One of Queensland Rail’s New Generation Rollingstock units
One of Queensland Rail’s New Generation Rollingstock units

Queensland's next-generation ‘ghost trains’

ALMOST half of all new trains shipped to Queensland under the state's New Generation Rollingstock project are yet to move a single passenger as they await final clearance.

Forty-two of the 75 new trains ordered by the State Government in 2013 have arrived, but only 22 have entered passenger service as they await final approval by Queensland Rail.

While the new trains gather dust, QR's 30-year-old fleet is being pushed past retirement age, triggering reliability fears by commuter advocates after a series of service delays last month.

Project sources say some of NGR trains awaiting QR's approval have already passed testing.

The trains are being stored at Wulkuraka and Redbank Plains, despite QR in September saying the trains were urgently needed "to replace an ageing portion" of its existing fleet.

QR did not respond to questions, but TransLink said "stringent operational testing" takes about three months, including cleaning, static and on-track testing and a trial journey.

A spokesman said an average two to three trains a month had started service since December.

That was when the first train hit the tracks - about 18 months after first planned.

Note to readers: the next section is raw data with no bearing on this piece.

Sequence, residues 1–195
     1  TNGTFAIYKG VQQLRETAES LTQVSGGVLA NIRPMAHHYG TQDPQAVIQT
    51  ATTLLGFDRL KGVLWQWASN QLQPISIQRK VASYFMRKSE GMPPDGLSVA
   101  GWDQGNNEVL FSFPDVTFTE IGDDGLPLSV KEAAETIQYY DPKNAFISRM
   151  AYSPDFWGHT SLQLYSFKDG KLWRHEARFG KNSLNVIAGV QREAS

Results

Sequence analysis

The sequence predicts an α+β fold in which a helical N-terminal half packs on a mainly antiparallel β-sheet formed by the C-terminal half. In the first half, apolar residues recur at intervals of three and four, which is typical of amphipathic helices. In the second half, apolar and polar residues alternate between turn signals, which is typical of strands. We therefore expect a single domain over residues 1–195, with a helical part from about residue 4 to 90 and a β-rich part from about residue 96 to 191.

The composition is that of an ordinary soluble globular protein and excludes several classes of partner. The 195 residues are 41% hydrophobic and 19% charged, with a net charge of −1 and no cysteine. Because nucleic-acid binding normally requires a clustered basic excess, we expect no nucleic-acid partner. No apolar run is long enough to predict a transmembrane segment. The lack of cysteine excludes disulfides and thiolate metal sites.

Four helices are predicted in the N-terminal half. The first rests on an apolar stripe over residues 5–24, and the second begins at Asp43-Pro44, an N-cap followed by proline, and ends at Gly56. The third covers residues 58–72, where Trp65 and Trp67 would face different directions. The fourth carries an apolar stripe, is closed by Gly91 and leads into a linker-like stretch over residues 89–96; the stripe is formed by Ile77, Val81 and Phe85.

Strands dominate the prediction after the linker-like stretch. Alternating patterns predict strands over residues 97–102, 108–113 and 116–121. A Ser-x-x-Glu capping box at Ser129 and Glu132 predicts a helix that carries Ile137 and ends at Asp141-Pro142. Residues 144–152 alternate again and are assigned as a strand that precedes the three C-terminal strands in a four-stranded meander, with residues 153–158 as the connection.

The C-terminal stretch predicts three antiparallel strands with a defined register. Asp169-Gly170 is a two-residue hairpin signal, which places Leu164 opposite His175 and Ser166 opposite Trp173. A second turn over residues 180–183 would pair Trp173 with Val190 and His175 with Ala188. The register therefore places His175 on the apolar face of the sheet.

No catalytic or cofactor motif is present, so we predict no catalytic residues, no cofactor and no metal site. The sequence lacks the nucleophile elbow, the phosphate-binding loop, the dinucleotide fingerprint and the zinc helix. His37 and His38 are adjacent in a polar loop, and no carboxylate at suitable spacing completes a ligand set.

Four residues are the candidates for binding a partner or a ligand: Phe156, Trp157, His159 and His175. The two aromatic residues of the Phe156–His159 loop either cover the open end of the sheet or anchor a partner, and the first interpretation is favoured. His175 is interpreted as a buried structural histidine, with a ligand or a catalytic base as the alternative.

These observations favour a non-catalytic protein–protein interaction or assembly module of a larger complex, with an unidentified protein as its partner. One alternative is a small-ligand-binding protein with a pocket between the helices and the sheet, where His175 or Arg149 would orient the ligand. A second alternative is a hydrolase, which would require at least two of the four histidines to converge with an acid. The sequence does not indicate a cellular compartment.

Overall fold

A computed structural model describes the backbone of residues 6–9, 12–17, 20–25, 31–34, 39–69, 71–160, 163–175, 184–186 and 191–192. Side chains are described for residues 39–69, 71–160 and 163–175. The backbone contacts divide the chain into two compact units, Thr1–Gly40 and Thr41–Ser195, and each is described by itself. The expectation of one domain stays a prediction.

Taxpayers are also funding $100 million in design modifications after the Government acknowledged in September that the NGR train design breached disability access laws.

Transport Minister Mark Bailey in Budget estimates recently
Transport Minister Mark Bailey in Budget estimates recently

Canadian train builder Bombardier has previously stated that the trains "have been manufactured to the specifications as set out contractually by the Queensland Government".

It declined to comment on any QR delays in approving the trains for contractual reasons.

News Queensland reported in February that Bombardier had made a claim for more than $100 million in liquidated damages over contractual delays it blamed on the State Government.

Transport sources at the time said the claim involved accusations QR had caused hold-ups in commissioning the trains over minor issues, such as a misplaced sticker.

Transport Minister Mark Bailey late last month replied to a Question on Notice about the project to say that "no successful liquidated damages claims have been made" against the Government in 2016-17 and 2017-18.

A commission of inquiry into the project is in progress.

The inquiry will be run by retired District Court Judge Michael Forde and will examine how trains came to be ordered that breached disability legislation and "functional requirements".